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Suppose we have the following classical normal linear regression model:

$$y_i = \beta_1 x_{1i} + \beta_2x_{2i} + \beta_3x_{3i} + e_i$$

where $e_{i} \sim iid.N(0, \sigma^2)$ for all $i = 1, 2, \cdots, n$ and $x_{1i} = 1$ for all $i = 1, 2, \cdots, n$.

Assume that we have known data values for both $x_{2i}$ and $x_{3i}$ for all $i = 1, 2, \cdots, n$. Defining $\boldsymbol{\beta} = (\beta_1, \beta_2, \beta_3)'$ and assuming a non-informative prior of the form $p(\boldsymbol{\beta}, \sigma) \propto \frac{1}{\sigma}$, then we can show that the conditional posterior pdf for $\boldsymbol{\beta}$ and $\sigma$, that is, $p(\boldsymbol{\beta}|\sigma, \mathbf{y})$ and $p(\sigma|\boldsymbol{\beta},\mathbf{y})$ are normal and inverted gamma, respectively.

The question is: Use a Gibbs Sampler and estimate the posterior pdf of the parameter function: $\displaystyle \psi = \frac{\beta_2 + \beta_3}{\sigma^2}$.

Now I have run a Gibbs sampler (in R) and after a burn in period of 100 draws, I have obtained 1000 draws of $(\boldsymbol{\beta}^{(i)}, \sigma^{(i)})$, that is, I have a sample of $(\beta_1^{(i)}, \beta_2^{(i)}, \beta_3^{(i)}, \sigma^{(i)})$ for $i = 1, 2, \cdots, 1000$, how can I use these draws to produce an estimate of the posterior pdf of $\psi$? In other words, how can I estimate $p(\psi|\mathbf{y})$?


EDIT: I'm new to MCMC logarithms. I do understand what you mean but I am still not too sure how to use it in the context of this question. From what I've learnt so far, say we have $\boldsymbol{\theta} = (\theta_1, \theta_2)'$ and $p(\boldsymbol{\theta}|\mathbf{y}) = p(\theta_1, \theta_2|\boldsymbol{y})$ is the joint posterior, then the marginal posterior of $\theta_1$ is given by $p(\theta_1|\mathbf{y}) = \int_{\theta_1} p(\theta_1|\theta_2,\mathbf{y})p(\theta_2|\mathbf{y})d\theta_2$, now say I have a sample of $M$ draws of $(\theta_1^{(i)}, \theta_2^{(i)})$ from $p(\theta_1, \theta_2|\boldsymbol{y})$, then to estimate $p(\theta_1|\mathbf{y})$, we use the following sample mean: $\widehat{p(\theta_1|\mathbf{y})} = \frac{1}{M} \sum_{i=1}^M p(\theta_1|\theta_2^{(i)}, \mathbf{y}) $, that is, we estimate the marginal density by averaging over the conditional densities. How can I implement that here?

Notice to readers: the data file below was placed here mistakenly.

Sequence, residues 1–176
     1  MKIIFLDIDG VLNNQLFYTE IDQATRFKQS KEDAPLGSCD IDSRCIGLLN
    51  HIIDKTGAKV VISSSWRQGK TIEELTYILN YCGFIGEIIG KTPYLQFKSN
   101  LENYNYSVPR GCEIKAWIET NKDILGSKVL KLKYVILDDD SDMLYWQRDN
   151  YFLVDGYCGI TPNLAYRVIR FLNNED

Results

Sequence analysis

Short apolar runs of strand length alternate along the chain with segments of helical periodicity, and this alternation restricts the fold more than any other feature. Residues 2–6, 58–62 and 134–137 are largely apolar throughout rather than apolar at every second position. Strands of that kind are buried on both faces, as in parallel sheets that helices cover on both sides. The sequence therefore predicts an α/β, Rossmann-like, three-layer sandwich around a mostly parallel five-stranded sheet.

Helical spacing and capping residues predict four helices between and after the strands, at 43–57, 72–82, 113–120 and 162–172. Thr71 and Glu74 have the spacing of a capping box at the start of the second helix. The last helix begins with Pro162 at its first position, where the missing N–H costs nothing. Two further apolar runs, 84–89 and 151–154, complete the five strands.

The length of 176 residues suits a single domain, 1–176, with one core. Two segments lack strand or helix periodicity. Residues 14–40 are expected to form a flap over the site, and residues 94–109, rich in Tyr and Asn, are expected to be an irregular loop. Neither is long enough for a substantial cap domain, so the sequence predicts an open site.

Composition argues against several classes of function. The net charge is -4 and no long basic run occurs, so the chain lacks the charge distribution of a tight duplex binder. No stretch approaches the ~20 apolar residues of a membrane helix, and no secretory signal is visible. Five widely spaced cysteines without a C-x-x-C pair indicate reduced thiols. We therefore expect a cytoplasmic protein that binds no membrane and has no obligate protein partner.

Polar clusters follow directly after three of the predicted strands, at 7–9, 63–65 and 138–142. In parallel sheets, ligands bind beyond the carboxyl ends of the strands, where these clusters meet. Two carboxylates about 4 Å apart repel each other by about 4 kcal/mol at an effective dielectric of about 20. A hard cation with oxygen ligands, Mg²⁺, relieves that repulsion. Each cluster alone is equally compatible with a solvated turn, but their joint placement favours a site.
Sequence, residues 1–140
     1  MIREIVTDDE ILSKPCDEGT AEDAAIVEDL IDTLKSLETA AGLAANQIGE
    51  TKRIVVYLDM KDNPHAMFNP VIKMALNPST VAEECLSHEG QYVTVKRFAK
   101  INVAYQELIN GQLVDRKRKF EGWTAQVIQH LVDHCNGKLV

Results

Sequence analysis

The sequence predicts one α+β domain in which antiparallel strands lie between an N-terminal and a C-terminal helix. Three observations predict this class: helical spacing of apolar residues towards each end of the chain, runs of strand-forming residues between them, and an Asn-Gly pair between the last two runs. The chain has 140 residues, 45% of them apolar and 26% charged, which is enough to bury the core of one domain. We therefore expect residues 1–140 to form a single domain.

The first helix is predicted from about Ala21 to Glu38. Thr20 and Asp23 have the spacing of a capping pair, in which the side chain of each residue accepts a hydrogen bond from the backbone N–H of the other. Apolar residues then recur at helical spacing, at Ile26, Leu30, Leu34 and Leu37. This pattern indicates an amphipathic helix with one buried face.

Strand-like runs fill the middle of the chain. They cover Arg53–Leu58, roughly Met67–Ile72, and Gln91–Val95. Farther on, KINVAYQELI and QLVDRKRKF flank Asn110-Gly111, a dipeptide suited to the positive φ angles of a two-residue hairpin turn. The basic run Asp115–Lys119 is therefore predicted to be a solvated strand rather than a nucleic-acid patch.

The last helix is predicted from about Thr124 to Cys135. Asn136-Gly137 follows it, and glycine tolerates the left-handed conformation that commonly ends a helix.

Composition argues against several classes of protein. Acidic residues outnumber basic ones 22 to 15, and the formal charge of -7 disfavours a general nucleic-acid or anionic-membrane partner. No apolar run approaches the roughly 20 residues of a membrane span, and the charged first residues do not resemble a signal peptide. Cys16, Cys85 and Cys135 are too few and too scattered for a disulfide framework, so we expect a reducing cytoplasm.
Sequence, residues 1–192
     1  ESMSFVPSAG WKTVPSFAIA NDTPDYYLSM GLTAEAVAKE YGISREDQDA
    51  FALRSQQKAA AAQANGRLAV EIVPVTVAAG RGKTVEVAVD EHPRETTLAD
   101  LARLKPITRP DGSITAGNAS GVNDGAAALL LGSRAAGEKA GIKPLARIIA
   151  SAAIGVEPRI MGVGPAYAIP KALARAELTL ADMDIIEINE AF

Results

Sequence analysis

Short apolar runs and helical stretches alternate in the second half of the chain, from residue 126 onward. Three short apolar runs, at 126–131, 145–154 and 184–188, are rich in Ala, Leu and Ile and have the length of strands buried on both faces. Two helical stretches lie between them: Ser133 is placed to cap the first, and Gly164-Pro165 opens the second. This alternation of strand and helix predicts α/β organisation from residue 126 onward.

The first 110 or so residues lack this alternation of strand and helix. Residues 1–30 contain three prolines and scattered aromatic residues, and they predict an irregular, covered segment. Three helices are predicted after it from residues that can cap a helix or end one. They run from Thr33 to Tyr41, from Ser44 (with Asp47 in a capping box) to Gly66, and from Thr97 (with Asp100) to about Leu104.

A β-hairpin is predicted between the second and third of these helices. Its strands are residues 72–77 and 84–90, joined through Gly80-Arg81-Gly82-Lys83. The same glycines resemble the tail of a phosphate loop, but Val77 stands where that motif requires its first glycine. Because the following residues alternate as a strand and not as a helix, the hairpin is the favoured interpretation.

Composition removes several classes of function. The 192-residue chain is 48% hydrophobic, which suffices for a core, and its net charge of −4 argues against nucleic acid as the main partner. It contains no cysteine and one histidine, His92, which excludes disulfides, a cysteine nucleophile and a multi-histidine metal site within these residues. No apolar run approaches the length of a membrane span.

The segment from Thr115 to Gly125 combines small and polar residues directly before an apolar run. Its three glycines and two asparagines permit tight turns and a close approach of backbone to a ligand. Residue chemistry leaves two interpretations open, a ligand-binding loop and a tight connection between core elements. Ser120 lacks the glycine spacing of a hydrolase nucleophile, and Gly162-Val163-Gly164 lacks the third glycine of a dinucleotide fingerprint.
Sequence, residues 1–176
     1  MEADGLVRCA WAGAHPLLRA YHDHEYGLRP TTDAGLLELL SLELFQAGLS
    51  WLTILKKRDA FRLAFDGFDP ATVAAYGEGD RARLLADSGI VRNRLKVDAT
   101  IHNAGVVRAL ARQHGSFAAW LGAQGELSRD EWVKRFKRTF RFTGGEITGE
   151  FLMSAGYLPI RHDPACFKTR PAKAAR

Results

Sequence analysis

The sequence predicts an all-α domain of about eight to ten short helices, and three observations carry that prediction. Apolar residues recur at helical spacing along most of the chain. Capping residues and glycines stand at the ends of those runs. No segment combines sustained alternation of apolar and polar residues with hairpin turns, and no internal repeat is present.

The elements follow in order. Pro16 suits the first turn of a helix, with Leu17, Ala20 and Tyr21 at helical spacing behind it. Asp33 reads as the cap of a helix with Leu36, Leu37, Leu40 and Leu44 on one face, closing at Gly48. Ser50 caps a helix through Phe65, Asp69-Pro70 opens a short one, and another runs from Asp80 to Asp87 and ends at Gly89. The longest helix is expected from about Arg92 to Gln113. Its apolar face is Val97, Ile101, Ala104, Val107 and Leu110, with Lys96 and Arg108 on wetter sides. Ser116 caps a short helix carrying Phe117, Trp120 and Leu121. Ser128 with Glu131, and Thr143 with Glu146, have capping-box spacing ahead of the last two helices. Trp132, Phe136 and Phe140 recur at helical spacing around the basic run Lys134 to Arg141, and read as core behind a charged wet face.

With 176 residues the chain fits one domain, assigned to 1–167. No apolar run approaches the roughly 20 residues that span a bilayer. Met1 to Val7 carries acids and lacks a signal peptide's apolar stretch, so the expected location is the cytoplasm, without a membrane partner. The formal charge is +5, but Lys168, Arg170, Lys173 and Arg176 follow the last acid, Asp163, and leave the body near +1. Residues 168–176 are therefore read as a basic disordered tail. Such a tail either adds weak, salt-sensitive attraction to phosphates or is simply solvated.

EDIT2: After the help of @Tomas and @BabakP, I have tried to code the problem into R myself (I'm quite new to R, only learnt the language in the last couple of weeks). The following is my code: (Note: just for practice, I purposely went the other route of drawing from each conditional rather than @BabakP's more efficient decomposition)

###########################################################
########       Generation of data = y               #######
###########################################################


true_beta = matrix(c(2,0.5,0.7),3,1)      ## True value of beta (vector) used in the data generating process (dgp)

true_sig = 0.3                            ## True value of sig used in the data generating process (dgp)


## Setting the random number seed

set.seed(123456, kind = NULL, normal.kind = NULL)


## Number of observations

nobs=20


## Generating the values for x1, x2, x3 and y. Using Gaussian distribution here for convenience.

x1 = matrix(1,nobs,1)
x2 = matrix(c(rnorm(nobs,0,1)),nobs,1)
x3 = matrix(c(rnorm(nobs,0,1)),nobs,1)
u  = matrix(c(rnorm(nobs,0,1)),nobs,1)%*%true_sig

x = cbind(x1,x2,x3)

y = x%*%true_beta + u


###########################################################
### Specification of sample statistics
###########################################################


invxx = solve(t(x)%*%x)
betahat = invxx%*%t(x)%*%y

df = nobs - 3
sighat = sqrt((t(y-x%*%betahat)%*%(y-x%*%betahat))/df)


###############################################################
###
###  Generation of draws of beta/sigma/psi via Gibbs sampling
###
###############################################################


B = 100+1        ## Extra +1 since the Gibbs sampler coded below starts at j=2, hence burn-in period is from j=2 to j=101
M = 1000         ## Number of draws after burn in period.
repl = B+M       ## Total number of Gibbs iterations including burn in and number of draws after burn in period.


## Dimensioning the matrix of beta/sigma/psi draws ## 


betav = matrix(0,repl,3)      
sigv = matrix(0,repl,1)
psiv = matrix(0,repl,1)


## Generating underlying normal random draws to be used in Gibbs algorithm


stnbeta = matrix(c(rnorm((repl*3),0,1)),repl,3) 


## Specifying starting value for Gibbs chain

sigv[1] = true_sig


## Gibbs sampling

for(j in 2:repl){

  ## Generation of beta (vector) via its known multivariate normal conditional

  meanbeta = betahat
  varbeta = (sigv[j-1])^2*invxx

  betagen = chol(varbeta)%*%stnbeta[j,] + meanbeta 
  betav[j,] = betagen


  ## Generation of sigma via its known inverted gamma conditional

  a = t(y-x%*%betav[j,])%*%(y-x%*%betav[j,])

  zvec = matrix(c(rnorm(nobs,0,1)),nobs,1)

  chisq = t(zvec)%*%zvec

  sigv[j] = sqrt(a/chisq)


  ## Draws of psi from its marginal posterior pdf

  psiv[j] = (betav[j,2]+betav[j,3])/(sigv[j])^2



}

#################################################################################
## Estimation of the marginal posterior pdf of psi using kernel density smoothing
#################################################################################

## Remove burn in period of psiv which is from j=1 to j=101 to create the vector psi which conists of 1000 draws after the burn in period 

psi = psiv[102:repl]


## Histogram of draws of psi

hist(psi,30,ylab="Percentage frequencies",xlab=expression(psi),
     main=expression(paste("Histogram of draws of ",psi)))


## kernel density plot of the draws of psi

d=density(psi)
plot(d,main=expression(paste("Kernel density estimate of marginal of ",psi)),